The world seems besieged by a tsunami of traumas – earthquakes, flooding, oil spills, mining disasters, terrorist threats, and more. Individuals face their own disturbing life events that don’t make the nightly news – grim diagnoses, an accident resulting in severe disability, the death of a close friend or family member, even the sudden death of an infant.
In our therapeutic and confessional culture, we think we know what victims need – the immediate opportunity to open up about their experiences, to express their emotions rather than keeping them bottled up. Clinical psychologists sometimes rush in to offer their help.
This post is a bit off my usual topic of singlism and single life (though I’ll stretch to make a connection at the end), but I just heard a fabulous talk about the psychology of responses to trauma, and I wanted to tell you about just one of the many insightful nuggets from it. The speaker was Roxane Silver, a social psychologist who has studied more different kinds of personal and collective traumas, more deeply and rigorously, than anyone else ever has.
On September 11, 2001, Roxane Silver immediately found a way to survey a nationally representative sample of Americans. This was the opportunity they were offered: “If you would like, please share your thoughts on the shocking events of today.” She continued to collect data from those people for several years. (To see the full paper and all of the details, click on the 6th paper down under “Selected Publications” on this page. Many of Silver’s other papers may also be of interest.)
The conventional wisdom about coping is that the victims who open up most quickly and most completely will be those who fare best psychologically. Silver and her colleagues found just the opposite (from p. 664):
“Our results did not support the common assumption that choosing NOT to express one’s thoughts and feelings in the immediate aftermath of a collective trauma – or expressing them only minimally – is harmful and indicative of vulnerability to future negative consequences. Instead, the opposite pattern emerged. Respondents who elected not to express when given the opportunity to do so exhibited lower PTS [post-traumatic stress] symptoms over the following 2 years, compared with respondents who chose to express. In addition, less expression in the form of shorter responses predicted lower generalized distress and better physical health over time.”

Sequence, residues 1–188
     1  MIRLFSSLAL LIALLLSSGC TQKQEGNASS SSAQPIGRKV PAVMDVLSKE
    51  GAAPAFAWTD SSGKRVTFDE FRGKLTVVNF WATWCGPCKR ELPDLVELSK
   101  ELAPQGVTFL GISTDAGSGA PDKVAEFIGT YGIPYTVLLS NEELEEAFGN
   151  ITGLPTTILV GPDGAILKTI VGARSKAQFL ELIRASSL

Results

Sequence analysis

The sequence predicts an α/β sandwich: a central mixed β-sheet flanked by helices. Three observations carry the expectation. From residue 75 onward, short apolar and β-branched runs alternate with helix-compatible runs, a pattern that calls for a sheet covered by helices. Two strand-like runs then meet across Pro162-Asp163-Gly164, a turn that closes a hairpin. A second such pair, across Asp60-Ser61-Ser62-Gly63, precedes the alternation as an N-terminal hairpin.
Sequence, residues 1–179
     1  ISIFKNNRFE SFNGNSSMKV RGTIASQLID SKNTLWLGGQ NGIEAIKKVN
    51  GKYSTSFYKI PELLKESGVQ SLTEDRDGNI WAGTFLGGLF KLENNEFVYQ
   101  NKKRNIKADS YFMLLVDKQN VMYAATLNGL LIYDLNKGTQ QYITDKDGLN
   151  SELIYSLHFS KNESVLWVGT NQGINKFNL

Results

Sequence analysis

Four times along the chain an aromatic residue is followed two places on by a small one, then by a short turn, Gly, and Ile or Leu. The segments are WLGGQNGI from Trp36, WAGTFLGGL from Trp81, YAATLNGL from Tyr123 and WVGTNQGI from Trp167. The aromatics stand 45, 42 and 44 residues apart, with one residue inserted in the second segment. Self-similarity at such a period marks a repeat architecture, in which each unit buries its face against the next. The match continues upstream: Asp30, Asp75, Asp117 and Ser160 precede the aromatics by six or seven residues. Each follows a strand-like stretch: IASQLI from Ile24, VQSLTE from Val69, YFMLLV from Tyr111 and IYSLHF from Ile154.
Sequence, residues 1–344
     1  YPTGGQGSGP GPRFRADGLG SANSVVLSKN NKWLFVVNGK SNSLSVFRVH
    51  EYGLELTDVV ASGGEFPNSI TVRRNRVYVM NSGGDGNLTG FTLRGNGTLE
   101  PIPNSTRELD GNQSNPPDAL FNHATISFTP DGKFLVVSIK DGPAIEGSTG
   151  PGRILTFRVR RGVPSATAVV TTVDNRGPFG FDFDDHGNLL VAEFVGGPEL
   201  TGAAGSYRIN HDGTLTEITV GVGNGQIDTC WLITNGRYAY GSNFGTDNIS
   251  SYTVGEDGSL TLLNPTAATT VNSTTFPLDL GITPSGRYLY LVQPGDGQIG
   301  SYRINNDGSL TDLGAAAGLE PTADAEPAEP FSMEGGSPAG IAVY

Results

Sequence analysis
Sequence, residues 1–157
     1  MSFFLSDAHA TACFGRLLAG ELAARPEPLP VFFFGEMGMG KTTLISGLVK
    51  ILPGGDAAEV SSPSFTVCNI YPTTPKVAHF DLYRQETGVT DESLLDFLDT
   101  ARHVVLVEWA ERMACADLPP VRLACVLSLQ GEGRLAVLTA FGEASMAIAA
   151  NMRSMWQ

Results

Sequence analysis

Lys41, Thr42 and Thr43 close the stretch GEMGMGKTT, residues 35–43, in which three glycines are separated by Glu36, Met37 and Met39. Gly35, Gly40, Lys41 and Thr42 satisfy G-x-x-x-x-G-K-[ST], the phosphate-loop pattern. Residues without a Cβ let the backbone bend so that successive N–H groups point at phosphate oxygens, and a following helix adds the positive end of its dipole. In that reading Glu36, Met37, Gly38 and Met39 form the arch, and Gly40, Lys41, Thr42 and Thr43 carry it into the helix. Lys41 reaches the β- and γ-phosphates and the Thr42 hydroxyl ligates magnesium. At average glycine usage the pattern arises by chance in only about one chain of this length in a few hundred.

What’s important, Silver suggests, is choice – letting people decide for themselves whether they want to talk about what just happened to them. If therapists do rush in to help, they should be careful not to impose their help on people who may not want it. People should not be obligated to participate in interventions; it should be their choice.
In her talk, Silver recounted the story of school officials who proudly announced, in the wake of a school shooting, that there would be counselors in every classroom when the students returned. Silver had concerns about that. Perhaps the students who were coping well – and yes, some people can cope successfully and on their own in response to horrors – would worry that there was something wrong with them because they did not feel the need to talk.
Of course, there is plenty of evidence that talk therapy can be a good thing. With regard to traumas, though, it depends on the person, and generally, it is more likely to be successful if it happens long after the trauma, and not in the immediate aftermath.
My strained link to the topic of singles? Don’t let the conventional wisdom push you around. Do what is healthiest and most constructive for you.
Finally, a caveat: I have no specific professional expertise in the study of trauma. Roxane Silver’s long list of amazing papers is the place to go for a more detailed understanding.